Aviation History

Remembering the of the Battle of Coral Sea, History’s First Carrier vs Carrier Battle

On May 8, 1942, the first Carrier VS Carrier battle climaxed between the US Navy and Imperial Japan. For the past 4 days the two fleets had been on a collision course.

On May 8, 1942, the first Carrier VS Carrier battle climaxed between the US Navy and Imperial Japan. For the past 4 days the two fleets had been on a collision course. A lot has been written about this historic fight, and we in no way presume to rewrite all the excellent work which has been done on the battle. ù

What we will do is attempt to show how historic an engagement Coral Sea was, as two navies who both were Pioneers of Aircraft Carrier Technology met to engage in History’s First Carrier vs Carrier Battle between two Adversaries who fought OVER THE HORIZON, with neither side’s ships ever physically seeing the other. Coral Sea marks the first time such an event occurred, discounting the loss of HMS Hermes to the overwhelming force of Imperial Japan’s Kido Butai in the Indian Ocean the previous month.

Coral Sea marked the first time BOTH sides had Carriers with full Air Groups. On Imperial Japan’s side was the Shokaku and Zuikaku, newest and most powerful Carriers in the Imperial Fleet. Facing them were Lexington and Yorktown, the one America’s first real Aircraft Carrier, and the other the nameship of the best class of American Prewar Aircraft Carriers.

Japanese aircraft carrier Shoho is torpedoed, during attacks by U.S. Navy carrier aircraft in the late morning of 7 May 1942. The torpedo was a Mark XIII. Photographed from a USS Lexington (CV-2) plane.

Aviators on both sides faced launching on sorties to find a moving target at sea, in the middle of a Big Ocean, fighting their way to their targets, thence returning to an unknown and variable Carrier’s Position of Intended Movement, referred to as “Point Option” at the end of their Mission. They did so using navigation aids as simple as mechanical flight computers, the plotting board on their instrument panel, and Radio Direction Finders to home in on their ship.

Both sides would blunder into an action neither side really knew how to fight. Errors would be made on both sides as each realized they were facing carriers on the opposite side. The US would launch a strike and sink the first Carrier lost by Imperial Japan, the luckless Shoho covering the Imperial Navy’s Port Moresby Landing Force.

The Imperial Japanese would batter the oiler Neosho and sink her luckless escort, the destroyer Sims. The Imperial Japanese would also launch a late day attack against the American carrier fleet which ended in the strike getting lost in the gloomy weather surrounding both Task Forces, and incredibly, several Imperial Japanese strike aircraft would actually be shot down while attempting to join the landing circuit for the AMERICAN Task Force.

Things would come to a head on May 8, when Both sides made the all important discovery of the other’s position and send strikes to neutralize the other. The result would be Shokaku receiving damage to her flight deck, Zuikaku losing most of her Air Group, and the US Navy losing Lexington. Thus two carriers were lost in the first Carrier VS Carrier Battle ever fought between two navies, one light carrier for Imperial Japan, and the pioneer of much of prewar American Naval Aviation operations on the US Side.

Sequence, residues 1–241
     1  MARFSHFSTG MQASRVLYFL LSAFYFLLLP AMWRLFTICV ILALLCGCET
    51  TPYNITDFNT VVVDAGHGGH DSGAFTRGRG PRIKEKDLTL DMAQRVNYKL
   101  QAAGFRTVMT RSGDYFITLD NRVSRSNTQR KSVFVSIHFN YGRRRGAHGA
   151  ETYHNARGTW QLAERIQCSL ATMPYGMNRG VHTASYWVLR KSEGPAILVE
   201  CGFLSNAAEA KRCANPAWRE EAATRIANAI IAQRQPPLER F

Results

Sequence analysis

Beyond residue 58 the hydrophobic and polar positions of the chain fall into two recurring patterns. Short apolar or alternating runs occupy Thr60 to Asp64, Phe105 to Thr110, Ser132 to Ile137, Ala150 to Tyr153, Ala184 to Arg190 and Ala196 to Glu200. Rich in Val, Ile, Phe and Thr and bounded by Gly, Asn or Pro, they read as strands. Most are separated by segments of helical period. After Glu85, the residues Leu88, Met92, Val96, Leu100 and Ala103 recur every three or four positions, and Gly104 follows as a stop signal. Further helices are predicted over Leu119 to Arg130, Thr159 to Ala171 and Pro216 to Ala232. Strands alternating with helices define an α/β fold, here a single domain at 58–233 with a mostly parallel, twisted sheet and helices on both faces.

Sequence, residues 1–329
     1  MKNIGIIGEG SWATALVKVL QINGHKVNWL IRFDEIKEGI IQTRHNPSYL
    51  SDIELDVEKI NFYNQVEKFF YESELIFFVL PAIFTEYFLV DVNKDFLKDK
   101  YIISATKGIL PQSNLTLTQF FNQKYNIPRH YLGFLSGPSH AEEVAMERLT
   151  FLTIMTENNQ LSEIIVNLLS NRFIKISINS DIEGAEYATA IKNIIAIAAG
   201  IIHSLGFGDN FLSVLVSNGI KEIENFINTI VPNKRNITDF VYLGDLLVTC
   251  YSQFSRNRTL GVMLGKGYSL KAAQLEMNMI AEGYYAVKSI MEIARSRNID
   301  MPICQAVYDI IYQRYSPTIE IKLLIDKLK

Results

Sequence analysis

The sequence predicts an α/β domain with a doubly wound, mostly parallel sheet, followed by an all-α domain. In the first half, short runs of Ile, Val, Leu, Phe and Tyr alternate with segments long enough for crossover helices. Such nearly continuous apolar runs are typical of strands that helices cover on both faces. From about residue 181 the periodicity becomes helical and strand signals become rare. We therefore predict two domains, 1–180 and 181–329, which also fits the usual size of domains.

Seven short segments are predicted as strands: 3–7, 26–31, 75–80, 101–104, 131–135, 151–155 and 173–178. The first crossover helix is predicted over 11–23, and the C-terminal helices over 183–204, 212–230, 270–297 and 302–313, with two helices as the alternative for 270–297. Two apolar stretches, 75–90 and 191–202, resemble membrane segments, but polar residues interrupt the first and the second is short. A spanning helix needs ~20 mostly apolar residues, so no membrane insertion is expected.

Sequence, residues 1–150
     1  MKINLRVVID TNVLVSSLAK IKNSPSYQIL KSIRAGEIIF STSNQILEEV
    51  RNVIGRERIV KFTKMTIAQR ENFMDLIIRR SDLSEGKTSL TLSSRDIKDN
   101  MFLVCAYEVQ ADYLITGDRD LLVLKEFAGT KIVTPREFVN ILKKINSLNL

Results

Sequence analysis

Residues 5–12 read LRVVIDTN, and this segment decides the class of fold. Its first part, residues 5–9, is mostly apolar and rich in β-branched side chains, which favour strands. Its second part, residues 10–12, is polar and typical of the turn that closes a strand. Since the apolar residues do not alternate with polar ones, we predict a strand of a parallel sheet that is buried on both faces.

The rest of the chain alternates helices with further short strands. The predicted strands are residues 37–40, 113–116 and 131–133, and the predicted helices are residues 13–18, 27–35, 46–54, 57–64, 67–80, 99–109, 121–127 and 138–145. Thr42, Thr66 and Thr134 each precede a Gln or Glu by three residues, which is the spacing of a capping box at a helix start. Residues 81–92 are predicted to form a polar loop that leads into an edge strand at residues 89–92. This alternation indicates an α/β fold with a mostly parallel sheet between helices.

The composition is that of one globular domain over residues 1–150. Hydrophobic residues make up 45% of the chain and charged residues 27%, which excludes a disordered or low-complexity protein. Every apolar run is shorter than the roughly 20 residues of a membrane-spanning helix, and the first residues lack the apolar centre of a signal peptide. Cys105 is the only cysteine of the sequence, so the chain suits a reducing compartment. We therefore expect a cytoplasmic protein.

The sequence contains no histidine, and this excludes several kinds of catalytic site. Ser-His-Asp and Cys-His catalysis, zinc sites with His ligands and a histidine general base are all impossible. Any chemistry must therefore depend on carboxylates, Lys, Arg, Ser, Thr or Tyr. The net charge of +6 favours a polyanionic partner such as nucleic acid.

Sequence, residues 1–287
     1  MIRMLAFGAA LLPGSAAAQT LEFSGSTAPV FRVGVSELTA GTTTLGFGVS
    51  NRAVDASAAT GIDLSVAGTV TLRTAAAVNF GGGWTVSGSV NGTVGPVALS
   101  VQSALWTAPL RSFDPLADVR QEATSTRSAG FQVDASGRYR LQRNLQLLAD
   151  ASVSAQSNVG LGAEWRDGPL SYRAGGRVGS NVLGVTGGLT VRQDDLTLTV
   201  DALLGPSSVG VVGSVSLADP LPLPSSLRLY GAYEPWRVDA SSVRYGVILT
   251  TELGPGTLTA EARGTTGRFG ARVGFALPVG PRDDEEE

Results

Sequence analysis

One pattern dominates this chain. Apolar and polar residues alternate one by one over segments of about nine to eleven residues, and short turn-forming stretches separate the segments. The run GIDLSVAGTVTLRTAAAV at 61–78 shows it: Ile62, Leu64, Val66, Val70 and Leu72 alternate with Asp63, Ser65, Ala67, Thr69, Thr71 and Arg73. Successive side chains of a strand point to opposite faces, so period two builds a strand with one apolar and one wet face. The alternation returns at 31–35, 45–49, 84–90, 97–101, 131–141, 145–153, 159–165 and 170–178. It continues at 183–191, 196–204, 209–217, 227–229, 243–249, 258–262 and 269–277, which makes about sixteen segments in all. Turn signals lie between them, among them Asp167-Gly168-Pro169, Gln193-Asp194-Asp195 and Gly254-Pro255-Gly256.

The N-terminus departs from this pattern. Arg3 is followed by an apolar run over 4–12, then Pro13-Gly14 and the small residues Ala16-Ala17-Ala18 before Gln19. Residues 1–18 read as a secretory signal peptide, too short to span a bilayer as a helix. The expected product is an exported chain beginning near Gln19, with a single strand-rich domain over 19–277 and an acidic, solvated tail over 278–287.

The US Navy aircraft carrier USS Lexington (CV-2), burning and sinking after her crew abandoned ship during the Battle of the Coral Sea, May, 8 1942. Note the planes parked aft, where the fires have not yet reached.

As Navy Ace and future 4-Star Admiral Noel Gayler quipped in John Lundstrom’s excellent book The First Team “Twas a rugged day to be flying the Wily Wildcat.” The Lexington remains on the bottom of the Coral Sea, in waters deep enough to retain her gray paint and the markings on her aircraft. She stands as a monument to the lives lost, as Aviators sacrificed themselves to perfect a doctrine still being developed as both sides made the ultimate Test of their carrier technology.

Strategically, the Battle remains an American Victory, as Port Moresby’s seaward invasion was repulsed, and Imperial Japan had to fight across the Owen Stanley Mountains overland, rather than capture the main port in New Guinea. Both Navy’s would face again the following month, though the mauling of Shokaku and the losses to Zuikaku aircrew kept both carriers of CarDiv5 out of Midway. Meanwhile, Yorktown, damaged by a single bomb, would be repaired in time for Round 2 of the 1942 Carrier World Cup at Midway.

Be sure to check out William Cobb’s Facebook Page Pensacola Aerospace Museum for awesome aviation’s photos and stories.

Photo credit: U.S. Navy and Hangar B Productions

Wildcat BuNo 3976. This particular F4F-3 was flown by future fighter ace and Rear Admiral Albert “Scoop Vorse” as well as Naval Aviation Legend Jimmy Thach, and Noel Gayler, both future 4-Star Admirals.
Rendering by Hangar B Productions.
William Cobb

Mr. William Cobb is a licensed Instrument Flight Instructor in Single and Multi Engine Airplanes who is the founder and director of the Pensacola Aerospace Museum. Mr. Cobb spent from 2008 to 2015 instructing for the U.S. Navy's Initial Flight Screening program. After 8 years of full time Flight Instruction, Mr. Cobb started his own Commercial Drone Business, obtaining the first FAA Part 107 certification in his FAA region. Subsequent Drone work led to his becoming involved in Film Production work, and his establishing the Pensacola Aerospace Museum, an entity dedicated to honoring the memory of all those who ever gave their lives to flight.

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